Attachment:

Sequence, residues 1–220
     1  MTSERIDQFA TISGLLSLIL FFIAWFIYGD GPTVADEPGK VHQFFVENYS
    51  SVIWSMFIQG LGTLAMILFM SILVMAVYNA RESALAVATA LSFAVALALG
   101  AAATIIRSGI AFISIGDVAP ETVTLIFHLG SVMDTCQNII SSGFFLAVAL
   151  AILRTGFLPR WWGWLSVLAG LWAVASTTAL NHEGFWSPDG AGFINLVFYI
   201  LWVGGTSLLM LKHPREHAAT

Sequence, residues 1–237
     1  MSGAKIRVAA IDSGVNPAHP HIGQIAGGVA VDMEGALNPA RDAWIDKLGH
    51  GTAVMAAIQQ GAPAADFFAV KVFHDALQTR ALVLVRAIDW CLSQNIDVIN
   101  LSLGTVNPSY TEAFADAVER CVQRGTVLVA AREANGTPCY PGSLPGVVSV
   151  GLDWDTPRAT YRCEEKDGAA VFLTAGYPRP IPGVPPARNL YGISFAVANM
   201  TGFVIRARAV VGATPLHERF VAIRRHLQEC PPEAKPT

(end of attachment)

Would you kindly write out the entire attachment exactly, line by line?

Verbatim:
Sequence, residues 1–220
     1  MTSERIDQFA TISGLLSLIL FFIAWFIYGD GPTVADEPGK VHQFFVENYS
    51  SVIWSMFIQG LGTLAMILFM SILVMAVYNA RESALAVATA LSFAVALALG
   101  AAATIIRSGI AFISIGDVAP ETVTLIFHLG SVMDTCQNII SSGFFLAVAL
   151  AILRTGFLPR WWGWLSVLAG LWAVASTTAL NHEGFWSPDG AGFINLVFYI
   201  LWVGGTSLLM LKHPREHAAT

Sequence, residues 1–237
     1  MSGAKIRVAA IDSGVNPAHP HIGQIAGGVA VDMEGALNPA RDAWIDKLGH
    51  GTAVMAAIQQ GAPAADFFAV KVFHDALQTR ALVLVRAIDW CLSQNIDVIN
   101  LSLGTVNPSY TEAFADAVER CVQRGTVLVA AREANGTPCY PGSLPGVVSV
   151  GLDWDTPRAT YRCEEKDGAA VFLTAGYPRP IPGVPPARNL YGISFAVANM
   201  TGFVIRARAV VGATPLHERF VAIRRHLQEC PPEAKPT